Anyway, there is research to suggest it has an effect. Unfortunately there’s no way that I can actually validate those studies in a few weeks of testing a device. So what I’ll do is give an overview of how it works, what it feels like and if I found any issues with it. You’ll have to make up your own mind about the effects of EMS and the best way to use it as part of a training plan.
If you’re really interested in EMS, there are are companies out there using it as part of a training plan as well, Like these guys.
What is it?
The SIXPAD leg belt is an EMS device specifically designed to be used on the leg muscles – presumably because it’s a bit bigger than some of the other devices on offer.
The belt itself can be connected via bluetooth to the SIXPAD app in order to run the various training programmes available. It’ll act as a training calendar so you can see what you’ve done and how often. You can also just work the strap by using the little electronic dial that’s connected to it.
How easy is it to use?
I actually found the set up of the belt a bit tricky. The device comes with some gel pads that need to be stuck to the device before you put it against your skin. It’s the gel that allows the electric currents to pass through to your muscles. The only problem is that the gel pads are disposable, apparently running out after about 30 uses. So you need to make sure you do it properly the first time. It took me a few read throughs of the online instructions to get it right as most of what I found online in terms of explanation was specifically for some of the other EMS products. Once you work it out it’s pretty simple, but you can’t rush it.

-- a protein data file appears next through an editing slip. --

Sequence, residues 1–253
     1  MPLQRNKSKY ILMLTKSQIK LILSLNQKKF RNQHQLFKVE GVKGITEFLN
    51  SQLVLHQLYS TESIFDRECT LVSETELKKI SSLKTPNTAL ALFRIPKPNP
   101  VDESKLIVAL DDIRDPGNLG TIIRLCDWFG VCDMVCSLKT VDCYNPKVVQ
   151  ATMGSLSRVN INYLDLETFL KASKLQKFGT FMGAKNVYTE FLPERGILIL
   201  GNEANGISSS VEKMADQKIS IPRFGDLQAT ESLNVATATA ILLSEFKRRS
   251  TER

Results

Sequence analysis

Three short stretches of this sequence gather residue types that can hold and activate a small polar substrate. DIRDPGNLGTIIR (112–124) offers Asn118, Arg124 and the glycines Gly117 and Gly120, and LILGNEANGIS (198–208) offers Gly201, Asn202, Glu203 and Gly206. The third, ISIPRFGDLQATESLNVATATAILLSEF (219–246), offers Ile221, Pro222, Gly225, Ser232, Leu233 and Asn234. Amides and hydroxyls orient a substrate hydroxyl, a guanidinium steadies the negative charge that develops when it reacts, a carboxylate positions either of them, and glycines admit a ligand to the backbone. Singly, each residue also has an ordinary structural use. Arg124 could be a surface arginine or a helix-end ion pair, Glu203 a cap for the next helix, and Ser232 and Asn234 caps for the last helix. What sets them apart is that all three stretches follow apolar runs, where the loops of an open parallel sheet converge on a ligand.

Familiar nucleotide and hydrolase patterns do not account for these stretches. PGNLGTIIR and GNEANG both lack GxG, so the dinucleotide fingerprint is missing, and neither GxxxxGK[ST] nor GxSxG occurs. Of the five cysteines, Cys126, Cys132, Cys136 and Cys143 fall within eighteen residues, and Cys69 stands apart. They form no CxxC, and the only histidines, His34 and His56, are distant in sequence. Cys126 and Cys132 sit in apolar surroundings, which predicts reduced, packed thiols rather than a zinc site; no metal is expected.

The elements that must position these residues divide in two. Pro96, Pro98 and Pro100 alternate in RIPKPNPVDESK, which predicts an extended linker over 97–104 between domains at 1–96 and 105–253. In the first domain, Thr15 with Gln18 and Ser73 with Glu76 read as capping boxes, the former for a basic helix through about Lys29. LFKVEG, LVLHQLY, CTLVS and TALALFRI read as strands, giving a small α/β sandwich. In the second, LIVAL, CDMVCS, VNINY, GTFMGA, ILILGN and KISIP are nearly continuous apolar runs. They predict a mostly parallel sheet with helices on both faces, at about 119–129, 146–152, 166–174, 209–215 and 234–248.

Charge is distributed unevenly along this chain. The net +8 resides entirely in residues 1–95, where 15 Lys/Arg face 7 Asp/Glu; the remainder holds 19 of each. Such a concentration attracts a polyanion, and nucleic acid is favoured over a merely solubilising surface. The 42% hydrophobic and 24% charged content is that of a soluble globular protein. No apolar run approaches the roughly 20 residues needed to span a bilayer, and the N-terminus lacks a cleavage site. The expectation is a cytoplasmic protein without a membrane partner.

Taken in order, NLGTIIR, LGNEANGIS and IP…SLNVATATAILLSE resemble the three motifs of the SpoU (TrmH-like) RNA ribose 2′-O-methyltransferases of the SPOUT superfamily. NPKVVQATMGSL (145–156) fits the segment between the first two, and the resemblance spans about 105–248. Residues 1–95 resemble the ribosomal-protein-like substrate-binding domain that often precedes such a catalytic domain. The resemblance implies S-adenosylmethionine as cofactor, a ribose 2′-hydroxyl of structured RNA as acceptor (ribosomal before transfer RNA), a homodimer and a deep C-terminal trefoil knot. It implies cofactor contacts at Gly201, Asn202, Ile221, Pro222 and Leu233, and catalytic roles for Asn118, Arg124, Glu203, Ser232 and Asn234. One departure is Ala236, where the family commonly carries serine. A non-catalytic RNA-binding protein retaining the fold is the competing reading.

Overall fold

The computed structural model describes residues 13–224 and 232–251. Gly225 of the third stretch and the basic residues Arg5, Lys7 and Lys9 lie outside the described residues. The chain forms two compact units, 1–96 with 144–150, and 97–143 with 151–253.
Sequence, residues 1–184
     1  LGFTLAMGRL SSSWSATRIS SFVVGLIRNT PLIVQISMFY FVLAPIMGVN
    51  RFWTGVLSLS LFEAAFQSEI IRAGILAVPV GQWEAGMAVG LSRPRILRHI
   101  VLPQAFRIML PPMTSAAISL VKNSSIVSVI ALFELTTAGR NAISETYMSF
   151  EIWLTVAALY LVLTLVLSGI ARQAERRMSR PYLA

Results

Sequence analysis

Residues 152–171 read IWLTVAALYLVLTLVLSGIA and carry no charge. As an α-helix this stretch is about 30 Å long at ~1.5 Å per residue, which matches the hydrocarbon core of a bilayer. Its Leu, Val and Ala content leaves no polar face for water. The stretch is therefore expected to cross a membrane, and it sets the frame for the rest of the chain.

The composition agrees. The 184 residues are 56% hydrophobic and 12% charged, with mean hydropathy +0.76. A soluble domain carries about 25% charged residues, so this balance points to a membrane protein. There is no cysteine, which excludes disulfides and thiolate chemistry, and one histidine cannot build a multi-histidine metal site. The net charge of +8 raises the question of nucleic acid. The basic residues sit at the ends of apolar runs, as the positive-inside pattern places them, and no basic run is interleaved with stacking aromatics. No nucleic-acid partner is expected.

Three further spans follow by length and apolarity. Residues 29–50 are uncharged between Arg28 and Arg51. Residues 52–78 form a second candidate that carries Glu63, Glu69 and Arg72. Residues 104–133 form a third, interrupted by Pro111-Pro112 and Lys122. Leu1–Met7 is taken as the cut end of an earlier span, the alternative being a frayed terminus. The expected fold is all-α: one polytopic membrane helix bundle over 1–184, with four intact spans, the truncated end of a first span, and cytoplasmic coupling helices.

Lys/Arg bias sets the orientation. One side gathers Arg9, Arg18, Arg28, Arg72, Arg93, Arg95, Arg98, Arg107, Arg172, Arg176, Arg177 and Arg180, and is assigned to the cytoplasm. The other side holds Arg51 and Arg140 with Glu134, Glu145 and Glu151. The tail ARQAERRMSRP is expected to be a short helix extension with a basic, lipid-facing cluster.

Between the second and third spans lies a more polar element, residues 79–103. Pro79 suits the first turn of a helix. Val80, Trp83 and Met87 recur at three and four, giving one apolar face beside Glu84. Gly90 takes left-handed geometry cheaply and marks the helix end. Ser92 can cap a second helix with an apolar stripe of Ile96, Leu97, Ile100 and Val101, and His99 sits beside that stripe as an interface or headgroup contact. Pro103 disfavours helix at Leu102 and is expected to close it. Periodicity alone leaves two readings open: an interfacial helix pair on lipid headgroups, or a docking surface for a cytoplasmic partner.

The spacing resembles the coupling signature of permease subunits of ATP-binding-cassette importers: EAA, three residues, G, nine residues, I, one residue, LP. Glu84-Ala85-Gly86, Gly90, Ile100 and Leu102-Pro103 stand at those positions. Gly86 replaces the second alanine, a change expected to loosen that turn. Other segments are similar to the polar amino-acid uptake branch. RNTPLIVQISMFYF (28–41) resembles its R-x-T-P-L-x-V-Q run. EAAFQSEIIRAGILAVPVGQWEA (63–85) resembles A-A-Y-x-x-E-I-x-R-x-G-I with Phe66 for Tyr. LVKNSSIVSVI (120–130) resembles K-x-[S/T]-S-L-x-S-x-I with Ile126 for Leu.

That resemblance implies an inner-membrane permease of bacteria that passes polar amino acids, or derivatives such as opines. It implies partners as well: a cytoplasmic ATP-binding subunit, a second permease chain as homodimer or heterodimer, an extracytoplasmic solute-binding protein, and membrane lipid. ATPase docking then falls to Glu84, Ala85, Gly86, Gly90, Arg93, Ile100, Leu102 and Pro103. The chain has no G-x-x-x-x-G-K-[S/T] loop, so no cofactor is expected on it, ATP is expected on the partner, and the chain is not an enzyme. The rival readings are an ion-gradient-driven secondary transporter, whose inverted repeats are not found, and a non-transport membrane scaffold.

Secondly, I found the straps a bit of a struggle to connect to the device. It comes with two detachable velcro ones and some additional bits of velcro. I actually couldn’t find any documentation online to show me how to do it, so I had to have a play around myself. Sure, velcro straps aren’t the most perplexing thing in the world, but for £250, you don’t want to get anything wrong.